• et al.
      Midterm pivotal trial results of the Talent Low Profile System for repair of abdominal aortic aneurysm: analysis of complicated versus uncomplicated aortic necks.
      Additionally, studies have shown higher rates of re-intervention and endoleaks in patients with hostile anatomy.
      • Stather P.W.
      • Wild J.B.
      • Sayers R.D.
      • Bown M.J.
      • Choke E.
      Endovascular aortic aneurysm repair in patients with hostile neck anatomy.
      • AbuRahma A.F.
      • Campbell J.
      • Stone P.A.
      • Nanjundappa A.
      • Jain A.
      • Dean L.S.
      • et al.
      The correlation of aortic neck length to early and late outcomes in endovascular aneurysm repair patients.
      • Hovsepian D.M.
      • Hein A.N.
      • Pilgram T.K.
      • Cohen D.T.
      • Kim H.S.
      • Sanchez L.A.
      • et al.
      Endovascular abdominal aortic aneurysm repair in 144 patients: correlation of aneurysm size, proximal aortic neck length, and procedure-related complications.
      • Leurs L.J.
      • Kievit J.
      • Dagnelie P.C.
      • Nelemans P.J.
      • Buth J.
      Influence of infrarenal neck length on outcome of endovascular abdominal aortic aneurysm repair.
      Despite these findings, other research has found no difference in adverse outcomes among patients with hostile anatomy.
      • Hager E.S.
      • Cho J.S.
      • Makaroun M.S.
      • Park S.C.
      • Chaer R.
      • Marone L.
      • et al.
      Endografts with suprarenal fixation do not perform better than those with infrarenal fixation in the treatment of patients with short straight proximal aortic necks.
      • Greenberg R.
      • Fairman R.
      • Srivastava S.
      • Criado F.
      • Green R.
      Endovascular grafting in patients with short proximal necks: an analysis of short-term results.
      Importantly, in the current analysis, no difference was seen in the frequency of type I endoleaks or aneurysm size. This finding is supported by the work of Hager et al.,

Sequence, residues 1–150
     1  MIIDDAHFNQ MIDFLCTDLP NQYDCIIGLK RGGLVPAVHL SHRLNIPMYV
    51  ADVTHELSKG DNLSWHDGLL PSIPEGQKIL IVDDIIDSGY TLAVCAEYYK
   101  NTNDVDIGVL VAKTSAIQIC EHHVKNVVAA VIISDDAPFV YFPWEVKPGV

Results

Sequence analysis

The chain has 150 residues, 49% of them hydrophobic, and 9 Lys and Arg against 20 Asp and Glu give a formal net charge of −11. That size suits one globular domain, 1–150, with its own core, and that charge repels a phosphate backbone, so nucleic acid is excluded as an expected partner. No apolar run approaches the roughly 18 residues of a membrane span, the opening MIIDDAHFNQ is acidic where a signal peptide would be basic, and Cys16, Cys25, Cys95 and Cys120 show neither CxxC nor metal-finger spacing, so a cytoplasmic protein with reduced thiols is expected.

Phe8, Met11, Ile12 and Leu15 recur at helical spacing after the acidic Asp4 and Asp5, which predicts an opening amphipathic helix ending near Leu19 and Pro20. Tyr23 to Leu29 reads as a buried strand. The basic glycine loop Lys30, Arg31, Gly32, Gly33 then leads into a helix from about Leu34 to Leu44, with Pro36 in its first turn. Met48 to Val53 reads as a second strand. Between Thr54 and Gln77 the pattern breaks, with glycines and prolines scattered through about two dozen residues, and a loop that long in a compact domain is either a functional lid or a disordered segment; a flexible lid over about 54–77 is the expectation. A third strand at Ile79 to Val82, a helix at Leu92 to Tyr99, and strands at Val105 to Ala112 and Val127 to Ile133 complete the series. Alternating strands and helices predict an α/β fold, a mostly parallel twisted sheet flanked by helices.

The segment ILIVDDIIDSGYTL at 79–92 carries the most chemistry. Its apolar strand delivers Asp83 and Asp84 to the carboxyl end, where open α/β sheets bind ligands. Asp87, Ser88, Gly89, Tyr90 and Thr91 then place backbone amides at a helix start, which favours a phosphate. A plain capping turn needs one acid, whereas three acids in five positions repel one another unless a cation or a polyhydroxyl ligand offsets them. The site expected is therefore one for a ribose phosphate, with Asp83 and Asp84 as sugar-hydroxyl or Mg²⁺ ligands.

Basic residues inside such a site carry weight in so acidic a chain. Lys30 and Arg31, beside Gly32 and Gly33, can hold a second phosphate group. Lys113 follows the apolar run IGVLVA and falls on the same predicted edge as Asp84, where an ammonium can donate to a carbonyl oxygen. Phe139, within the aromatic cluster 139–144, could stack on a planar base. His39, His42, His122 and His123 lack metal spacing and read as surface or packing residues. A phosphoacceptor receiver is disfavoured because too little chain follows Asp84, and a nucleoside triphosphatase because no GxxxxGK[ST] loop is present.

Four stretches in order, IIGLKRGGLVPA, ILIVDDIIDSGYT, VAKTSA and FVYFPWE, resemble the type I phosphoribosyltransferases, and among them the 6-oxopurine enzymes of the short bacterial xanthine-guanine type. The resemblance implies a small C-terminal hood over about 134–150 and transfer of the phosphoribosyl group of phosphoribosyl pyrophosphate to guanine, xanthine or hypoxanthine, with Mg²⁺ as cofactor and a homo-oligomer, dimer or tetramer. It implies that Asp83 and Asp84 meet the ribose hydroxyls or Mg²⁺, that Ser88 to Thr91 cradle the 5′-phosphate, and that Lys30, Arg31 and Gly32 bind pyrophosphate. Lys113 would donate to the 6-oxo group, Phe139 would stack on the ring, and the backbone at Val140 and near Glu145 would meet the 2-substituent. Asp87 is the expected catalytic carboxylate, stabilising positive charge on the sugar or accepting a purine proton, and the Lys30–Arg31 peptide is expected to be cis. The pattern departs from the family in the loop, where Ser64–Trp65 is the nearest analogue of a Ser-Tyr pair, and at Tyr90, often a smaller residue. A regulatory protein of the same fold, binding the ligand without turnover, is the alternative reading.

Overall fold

• Hager E.S.
      • Cho J.S.
      • Makaroun M.S.
      • Park S.C.
      • Chaer R.
      • Marone L.
      • et al.
      Endografts with suprarenal fixation do not perform better than those with infrarenal fixation in the treatment of patients with short straight proximal aortic necks.
      who evaluated nearly 1400 EVARs, and found that more patients with short necks (<1.5 cm) were treated with infrarenal fixation (n = 60) compared with suprarenal fixation (n = 24). Furthermore, no differences were found in proximal neck length, aneurysm size, re-interventions, or migration between endografts with suprarenal or infrarenal fixation. Despite this, additional research is warranted to better define appropriate patient selection for, and to explain the difference in renal dysfunction following, the placement of suprarenal endografts.
      There are important limitations to this study that must be noted. First, this research is bound by the limitations of the VSGNE database, including coding errors, missing data, and variables defined by the registry, including the definition of post-operative renal insufficiency. This study was also unable to assess long-term outcomes including late renal complications, endograft migration, endoleak, and re-intervention due to limitations of the dataset. Additionally, this study was unable to assess all anatomical characteristics including neck length, diameter, and angulation, or the use of proximal extenders which probably impact surgeon endograft choice, and no patients are known to have received additional post-operative imaging with additional contrast exposure prior to their renal complications. Additionally, this study was unable to compare the individual endografts due to limitations in sample size. Despite these limitations, it is believed that the results provide valuable information to improve awareness of potential complications and guide future research. Hopefully, this study will encourage the VSGNE and VQI, NSQIP, and other vascular registries to add these important variables to their data collection instruments in the future. While surgeons should not change their practices with regard to selecting suprarenal versus infrarenal fixation endografts, it is felt that further comparative research is not warranted.

      Conclusion

      The study suggests that patients receiving suprarenal endografts, even from surgeons who routinely use these grafts, are at higher risk of peri-operative renal complications as well as prolonged length of stay. Some of these differences are probably from patient selection; however, the risk of suprarenal fixation merits further investigation that accounts for anatomical differences to confirm these short-term differences and to determine whether long-term differences exist in renal function, graft migration, endoleak, and re-intervention. Furthermore, vascular registries should be encouraged to include detailed anatomical data in the future in order to be able to better compare outcomes by endograft.

      Conflict of interest

      None.

      Funding

      Supported by the NIH T32 Harvard-Longwood Research Training in Vascular Surgery Grant 5T32HL007734-22 .